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24000 Widowed Children in Iran

24000 Widowed Children in Iran

By Staff Writer

The legal age of marriage in Iran is 13 for girls and 15 for boys. However, the Civil Law allows even younger children to get married, given the consent of parents and the court.

Due to the poor culture and economy of Iran, especially its villages, thousands of children are getting married at very young ages, therefore, missing out on their precious childhood.

Masoume Aghapour-Alishahi, the Representative of Women at the Parliament, discussed this issue with ‘Khane Melat’ website; In this conversation, which was published on 16th May, she reported that there are currently 24000 widowed children, under the age of 18, in Iran.

Alishahi considers the deprivation of culture and economy in Iran’s villages as the main cause of child-marriages, majority of which end up in divorce; and explains: “Unfortunately, due to the absence of secondary and tertiary schools in our villages, girls are unable to continue their education beyond the primary level; and are consequently forced by their parents to get married”.

The highest rates of child-marriage (i.e., for 10-15 year-olds), belong to the provinces of Razavi Khorasan and East Azerbaijan, respectively.
According to Alishahi, the economic deterioration of villages is so severe that some families make their “daughters aged 9-10 years” marry, “just to earn some money and afford basic living costs “.

After some time passes from their marriage, these children are then pressured to reproduce; so, they get pregnant before reaching full puberty, when their body is still growing. The premature pregnancy subsequently causes them serious physical issues (such as those relating delivery or breastfeeding), as well as mental ones. Consequently, abortion (which sometimes costs them their lives) is a growing concern amongst these young mothers.

Alishahi highlights another problem that these children also face with; and describes that adults “can take advantage of these children for sexual pleasure or for other unethical intentions such as drug smuggling”.

In an episode of a popular Iranian TV show, which is amongst the top most-watched in the past few years, one of the characters talks about proposing to two little girls of the show, aged 12 and 13; which is treated as a laughing matter in its other episodes too.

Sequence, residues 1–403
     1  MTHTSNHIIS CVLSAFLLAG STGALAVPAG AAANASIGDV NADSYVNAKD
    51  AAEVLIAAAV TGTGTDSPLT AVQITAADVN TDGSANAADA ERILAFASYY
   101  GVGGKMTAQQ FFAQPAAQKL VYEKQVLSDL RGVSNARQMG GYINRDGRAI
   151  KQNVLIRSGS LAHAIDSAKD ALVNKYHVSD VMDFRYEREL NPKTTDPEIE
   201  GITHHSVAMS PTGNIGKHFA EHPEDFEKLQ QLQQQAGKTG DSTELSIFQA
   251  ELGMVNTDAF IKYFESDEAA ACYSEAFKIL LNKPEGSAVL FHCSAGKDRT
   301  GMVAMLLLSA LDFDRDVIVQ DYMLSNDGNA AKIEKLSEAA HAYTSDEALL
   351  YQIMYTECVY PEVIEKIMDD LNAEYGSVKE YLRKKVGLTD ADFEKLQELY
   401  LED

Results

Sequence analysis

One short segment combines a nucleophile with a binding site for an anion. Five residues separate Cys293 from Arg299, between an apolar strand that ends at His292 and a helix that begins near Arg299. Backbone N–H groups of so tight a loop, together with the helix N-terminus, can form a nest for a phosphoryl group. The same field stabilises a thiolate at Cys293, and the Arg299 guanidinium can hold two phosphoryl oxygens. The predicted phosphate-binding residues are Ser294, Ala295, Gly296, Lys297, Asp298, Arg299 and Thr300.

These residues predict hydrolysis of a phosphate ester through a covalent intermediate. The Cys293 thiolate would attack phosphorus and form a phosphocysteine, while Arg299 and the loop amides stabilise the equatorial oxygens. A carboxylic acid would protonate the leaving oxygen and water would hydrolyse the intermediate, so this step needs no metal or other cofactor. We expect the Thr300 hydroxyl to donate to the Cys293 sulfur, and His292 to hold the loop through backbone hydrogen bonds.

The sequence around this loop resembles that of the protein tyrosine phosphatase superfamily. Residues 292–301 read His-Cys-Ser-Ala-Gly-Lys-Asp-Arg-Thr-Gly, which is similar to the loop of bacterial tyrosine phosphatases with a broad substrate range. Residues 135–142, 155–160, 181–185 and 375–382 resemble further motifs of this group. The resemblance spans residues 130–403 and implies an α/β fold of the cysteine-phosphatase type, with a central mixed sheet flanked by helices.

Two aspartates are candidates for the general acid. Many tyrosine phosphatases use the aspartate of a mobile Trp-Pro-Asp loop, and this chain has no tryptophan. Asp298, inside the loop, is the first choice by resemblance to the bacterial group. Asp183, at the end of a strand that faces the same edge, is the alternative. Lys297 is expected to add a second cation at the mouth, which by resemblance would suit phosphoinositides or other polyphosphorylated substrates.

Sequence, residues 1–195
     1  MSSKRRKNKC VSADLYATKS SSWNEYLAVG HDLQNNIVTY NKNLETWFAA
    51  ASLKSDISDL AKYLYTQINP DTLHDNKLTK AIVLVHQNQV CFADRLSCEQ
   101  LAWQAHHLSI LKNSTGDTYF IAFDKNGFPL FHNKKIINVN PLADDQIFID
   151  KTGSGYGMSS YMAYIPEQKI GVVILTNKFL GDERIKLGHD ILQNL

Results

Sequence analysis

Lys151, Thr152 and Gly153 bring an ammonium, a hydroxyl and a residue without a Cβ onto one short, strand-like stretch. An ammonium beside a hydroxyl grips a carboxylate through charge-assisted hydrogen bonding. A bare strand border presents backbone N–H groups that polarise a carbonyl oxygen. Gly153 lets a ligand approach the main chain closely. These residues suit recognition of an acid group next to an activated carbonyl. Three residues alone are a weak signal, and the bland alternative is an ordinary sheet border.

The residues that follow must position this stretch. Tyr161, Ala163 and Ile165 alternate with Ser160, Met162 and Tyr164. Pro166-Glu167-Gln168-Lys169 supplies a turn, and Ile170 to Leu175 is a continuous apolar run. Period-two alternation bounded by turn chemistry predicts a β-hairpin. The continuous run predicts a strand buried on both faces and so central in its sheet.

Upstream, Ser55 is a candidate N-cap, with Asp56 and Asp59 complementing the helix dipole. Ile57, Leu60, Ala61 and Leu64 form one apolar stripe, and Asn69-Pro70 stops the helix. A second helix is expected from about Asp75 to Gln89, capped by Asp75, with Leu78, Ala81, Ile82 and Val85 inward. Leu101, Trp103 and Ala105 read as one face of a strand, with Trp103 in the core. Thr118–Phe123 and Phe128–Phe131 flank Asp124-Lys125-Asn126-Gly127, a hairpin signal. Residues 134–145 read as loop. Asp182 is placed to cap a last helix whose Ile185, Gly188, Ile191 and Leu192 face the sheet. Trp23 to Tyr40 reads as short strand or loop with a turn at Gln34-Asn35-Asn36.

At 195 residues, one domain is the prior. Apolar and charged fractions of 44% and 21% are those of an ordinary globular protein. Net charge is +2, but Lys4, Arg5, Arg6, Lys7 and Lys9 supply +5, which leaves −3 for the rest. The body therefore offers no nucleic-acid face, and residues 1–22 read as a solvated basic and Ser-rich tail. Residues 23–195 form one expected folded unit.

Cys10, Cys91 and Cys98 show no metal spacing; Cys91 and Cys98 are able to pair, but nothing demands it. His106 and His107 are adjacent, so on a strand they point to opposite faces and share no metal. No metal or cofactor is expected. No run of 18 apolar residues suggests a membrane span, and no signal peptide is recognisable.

Following the broadcast of this show, the director of the Protection of Children’s Rights Committee, Farshid Yazdani, expressed his opinion in this regard, in an interview with ‘Faravar’ website; he stated that the National Television’s release of such shows proves that the regime promotes violence against children, and that: “Whilst the National Organisation for Civil Registration reports of nearly 13000 widowed children in 2015 alone, our country’s National Television is promoting violence against our children, by covering child-marriage in its popular shows like Paytakht”

This TV show was supported by “Owj”, a media corporation that affiliates with the Revolutionary Guard Corps, and had previously engaged in various advertisements; for instance, for the installation of governmental billboards, production of pro-nuclear animations, and conduction of activities against western sanctions.

The Children Right’s activists believe that the actual number of married children is much higher than that presented by the marriage registries of Iran; because, many children don’t have birth certificates, and many are also involved in polygamies, in other words, not all marriages get properly registered.

Saeed Peyvandi, a sociologist based in France, considers child-marriage as one of the greatest harms that society can do to its children and youths; he regards the reported numbers of the past few years, a very serious concern for all.
According to Peyvandi, allowing such marriages is society’s direct act of violence towards this particular age-group; he believes that social, intellectual, and psychological maturity, are some of the characteristics that everyone inevitably require, in order to make sound decisions for their personal and social lives; and that, children who get married at such young ages clearly lack those traits and therefore, struggle with many challenges which are always accompanied by detrimental psychological consequences.

Many of these children are completely dependent on their husbands for financial matters, and for that reason, they always feel insecure in life. Besides, majority of these children are married to drug addicts, and as a result, usually end up addicted themselves.

Children’s Rights activists also talk about the intense mental pressures that widowed children (e.g., 12-year old girls who lose or separate from their spouse at the age of 13 or 14) must deal with; sometimes, in an attempt to escape from domestic violence, children sadly end up becoming the victim of all other kinds of violence.

As Saieed Peyvandi says, a society that fails to provide favourable living standards for its future generation, will certainly face major issues in time. In such a society, unfair cycles like this will never end, as one class will always be disadvantaged and crushed under violence.